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View Full Version : Need 5 MP Camera with a decent flash and 35 mm quality



alnafsalzaki
08-08-2004, 06:52 AM
Okay, so I know you guys are inundated with the "What shall I buy questions," so I will try to be specific and concise.

I have always been fond of taking pictures. Unfortunately, I have never progressed beyond the point and shoot level. Now that I have kids, I would like to invest in a decent camera that is ready to roll (doesn't need a lot of manual tuning), but leaves me room to grow (as I will probably take a class on camera use. I don't expect to progress to the professional level, but I would like to take some decent pictures.

I have been through 2 cameras in the past year. I was highly unsatisfied with my Sony because I would try to take night shots of my girls sleeping and they'd be dim at best.

I have been leaning towards Canon cameras since they seem to be the most popular (and this says something, right).

Anyway, the things I want in order are:
1. Excellent pictures that look like 35mm quality when I develop them on my printer at home
2. Ability to take pictures indoors in lower light conditions
3. Decent movie quality
4. Able to take nice closeups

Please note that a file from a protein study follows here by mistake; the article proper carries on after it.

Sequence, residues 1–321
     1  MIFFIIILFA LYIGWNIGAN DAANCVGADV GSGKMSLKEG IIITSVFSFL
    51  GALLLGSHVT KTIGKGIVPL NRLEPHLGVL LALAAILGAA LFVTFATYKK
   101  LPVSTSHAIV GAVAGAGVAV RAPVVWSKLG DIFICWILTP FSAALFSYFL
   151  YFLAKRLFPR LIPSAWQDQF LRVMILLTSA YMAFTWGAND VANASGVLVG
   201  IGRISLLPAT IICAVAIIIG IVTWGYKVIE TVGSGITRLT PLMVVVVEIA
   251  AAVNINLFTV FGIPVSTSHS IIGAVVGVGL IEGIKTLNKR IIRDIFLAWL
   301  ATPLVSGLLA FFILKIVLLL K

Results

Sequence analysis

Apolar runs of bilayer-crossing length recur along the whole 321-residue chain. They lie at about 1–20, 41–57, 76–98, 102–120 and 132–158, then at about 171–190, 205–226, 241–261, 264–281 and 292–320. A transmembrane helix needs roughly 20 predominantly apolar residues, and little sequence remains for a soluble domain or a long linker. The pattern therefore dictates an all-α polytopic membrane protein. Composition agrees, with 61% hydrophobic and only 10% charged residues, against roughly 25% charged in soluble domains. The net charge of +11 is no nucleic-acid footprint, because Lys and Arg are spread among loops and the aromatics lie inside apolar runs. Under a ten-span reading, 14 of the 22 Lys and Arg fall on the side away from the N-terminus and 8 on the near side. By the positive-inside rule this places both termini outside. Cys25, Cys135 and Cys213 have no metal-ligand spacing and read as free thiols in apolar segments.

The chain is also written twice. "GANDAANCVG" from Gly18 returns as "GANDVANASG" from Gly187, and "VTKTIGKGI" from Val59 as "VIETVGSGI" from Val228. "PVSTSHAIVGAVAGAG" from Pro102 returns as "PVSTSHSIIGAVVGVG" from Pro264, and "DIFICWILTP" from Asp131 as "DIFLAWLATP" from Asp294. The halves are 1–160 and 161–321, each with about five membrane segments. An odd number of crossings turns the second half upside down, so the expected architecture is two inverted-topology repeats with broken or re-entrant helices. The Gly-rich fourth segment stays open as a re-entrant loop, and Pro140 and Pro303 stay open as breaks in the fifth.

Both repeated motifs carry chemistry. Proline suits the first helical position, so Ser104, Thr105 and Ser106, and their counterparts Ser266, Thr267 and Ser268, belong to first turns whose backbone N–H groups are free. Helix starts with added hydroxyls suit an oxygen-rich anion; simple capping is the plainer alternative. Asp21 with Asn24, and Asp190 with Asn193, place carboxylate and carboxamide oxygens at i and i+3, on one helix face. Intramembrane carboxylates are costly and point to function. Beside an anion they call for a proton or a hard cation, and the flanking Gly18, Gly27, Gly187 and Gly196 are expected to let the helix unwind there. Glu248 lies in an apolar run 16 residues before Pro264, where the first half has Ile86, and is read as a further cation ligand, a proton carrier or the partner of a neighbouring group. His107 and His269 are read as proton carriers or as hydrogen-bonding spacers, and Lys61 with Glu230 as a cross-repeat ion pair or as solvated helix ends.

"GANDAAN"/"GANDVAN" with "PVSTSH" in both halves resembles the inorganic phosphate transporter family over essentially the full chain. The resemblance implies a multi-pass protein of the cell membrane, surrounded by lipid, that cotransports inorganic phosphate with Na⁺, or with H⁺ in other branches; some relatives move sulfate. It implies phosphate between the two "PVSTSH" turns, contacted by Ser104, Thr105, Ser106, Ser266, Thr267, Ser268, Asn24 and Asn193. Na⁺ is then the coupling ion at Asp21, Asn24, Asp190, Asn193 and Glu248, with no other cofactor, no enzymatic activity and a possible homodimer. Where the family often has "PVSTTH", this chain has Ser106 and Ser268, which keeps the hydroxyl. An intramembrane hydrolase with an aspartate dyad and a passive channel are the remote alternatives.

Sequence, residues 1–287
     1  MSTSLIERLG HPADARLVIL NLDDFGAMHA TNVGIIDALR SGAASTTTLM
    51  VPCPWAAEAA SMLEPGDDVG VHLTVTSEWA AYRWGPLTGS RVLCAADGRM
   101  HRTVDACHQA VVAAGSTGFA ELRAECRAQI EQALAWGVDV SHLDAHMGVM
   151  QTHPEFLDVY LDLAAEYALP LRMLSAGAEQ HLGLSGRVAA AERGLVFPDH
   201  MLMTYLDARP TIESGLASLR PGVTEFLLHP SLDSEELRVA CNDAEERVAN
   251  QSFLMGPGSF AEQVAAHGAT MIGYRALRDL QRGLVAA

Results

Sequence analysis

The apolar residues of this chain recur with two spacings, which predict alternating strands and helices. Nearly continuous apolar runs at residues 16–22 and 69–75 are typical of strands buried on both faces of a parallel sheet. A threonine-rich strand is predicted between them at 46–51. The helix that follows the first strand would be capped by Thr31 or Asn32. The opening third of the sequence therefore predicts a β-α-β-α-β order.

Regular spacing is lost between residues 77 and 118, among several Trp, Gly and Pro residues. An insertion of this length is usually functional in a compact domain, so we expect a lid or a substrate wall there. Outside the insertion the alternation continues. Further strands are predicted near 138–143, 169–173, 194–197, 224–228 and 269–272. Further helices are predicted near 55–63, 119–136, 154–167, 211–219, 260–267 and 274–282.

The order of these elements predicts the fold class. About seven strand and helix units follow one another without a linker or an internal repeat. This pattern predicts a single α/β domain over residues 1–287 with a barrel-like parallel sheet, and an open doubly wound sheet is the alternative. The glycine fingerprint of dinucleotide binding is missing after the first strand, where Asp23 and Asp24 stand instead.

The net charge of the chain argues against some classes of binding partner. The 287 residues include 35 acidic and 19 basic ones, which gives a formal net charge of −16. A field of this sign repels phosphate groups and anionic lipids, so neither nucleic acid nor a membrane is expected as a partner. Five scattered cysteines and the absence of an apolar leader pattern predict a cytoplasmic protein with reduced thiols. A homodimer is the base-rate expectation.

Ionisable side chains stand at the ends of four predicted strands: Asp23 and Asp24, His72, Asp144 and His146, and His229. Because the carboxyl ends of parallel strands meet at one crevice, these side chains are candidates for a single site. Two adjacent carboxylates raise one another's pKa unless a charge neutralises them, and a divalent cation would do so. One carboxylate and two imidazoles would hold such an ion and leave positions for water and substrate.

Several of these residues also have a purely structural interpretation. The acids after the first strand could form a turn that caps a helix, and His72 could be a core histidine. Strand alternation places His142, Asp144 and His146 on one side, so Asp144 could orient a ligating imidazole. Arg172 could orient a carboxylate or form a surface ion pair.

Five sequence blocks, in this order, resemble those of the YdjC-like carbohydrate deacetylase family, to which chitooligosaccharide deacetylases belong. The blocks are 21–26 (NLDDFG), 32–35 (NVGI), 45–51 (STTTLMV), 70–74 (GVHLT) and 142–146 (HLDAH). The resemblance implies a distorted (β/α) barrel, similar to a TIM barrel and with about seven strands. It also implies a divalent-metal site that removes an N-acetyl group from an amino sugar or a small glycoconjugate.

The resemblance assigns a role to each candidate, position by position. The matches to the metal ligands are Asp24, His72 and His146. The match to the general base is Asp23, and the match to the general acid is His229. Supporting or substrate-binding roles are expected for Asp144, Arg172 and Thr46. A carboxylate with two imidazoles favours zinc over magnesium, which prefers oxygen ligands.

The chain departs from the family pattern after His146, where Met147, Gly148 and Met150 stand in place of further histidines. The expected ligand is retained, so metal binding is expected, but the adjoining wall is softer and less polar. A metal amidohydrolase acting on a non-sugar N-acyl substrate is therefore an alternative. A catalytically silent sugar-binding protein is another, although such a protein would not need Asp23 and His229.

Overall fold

5. Camara must give me room to grow

I thought I knew what I wanted, but after reading these forums, I have become ultra confused. I am looking at the Canon G5 (maybe a bit above my head) and the Sony V1, but I think this has shadow issues if I remember correctly? I was also looking at the Canon S60.

Can someone steer me in the right direction?
Thanks.

wax
08-08-2004, 08:28 AM
hmm... it sounds like you will need an minolta dimage a1. though its close-up can only be fix at either wide or tele. or maybe an a2, but it has quite a problem in quality control and quite expensive too.

John_Reed
08-08-2004, 08:46 AM
Okay, so I know you guys are inundated with the "What shall I buy questions," so I will try to be specific and concise.

I have always been fond of taking pictures. Unfortunately, I have never progressed beyond the point and shoot level. Now that I have kids, I would like to invest in a decent camera that is ready to roll (doesn't need a lot of manual tuning), but leaves me room to grow (as I will probably take a class on camera use. I don't expect to progress to the professional level, but I would like to take some decent pictures.

I have been through 2 cameras in the past year. I was highly unsatisfied with my Sony because I would try to take night shots of my girls sleeping and they'd be dim at best.

I have been leaning towards Canon cameras since they seem to be the most popular (and this says something, right).

Anyway, the things I want in order are:
1. Excellent pictures that look like 35mm quality when I develop them on my printer at home
2. Ability to take pictures indoors in lower light conditions
3. Decent movie quality
4. Able to take nice closeups
5. Camara must give me room to grow

I thought I knew what I wanted, but after reading these forums, I have become ultra confused. I am looking at the Canon G5 (maybe a bit above my head) and the Sony V1, but I think this has shadow issues if I remember correctly? I was also looking at the Canon S60.

Can someone steer me in the right direction?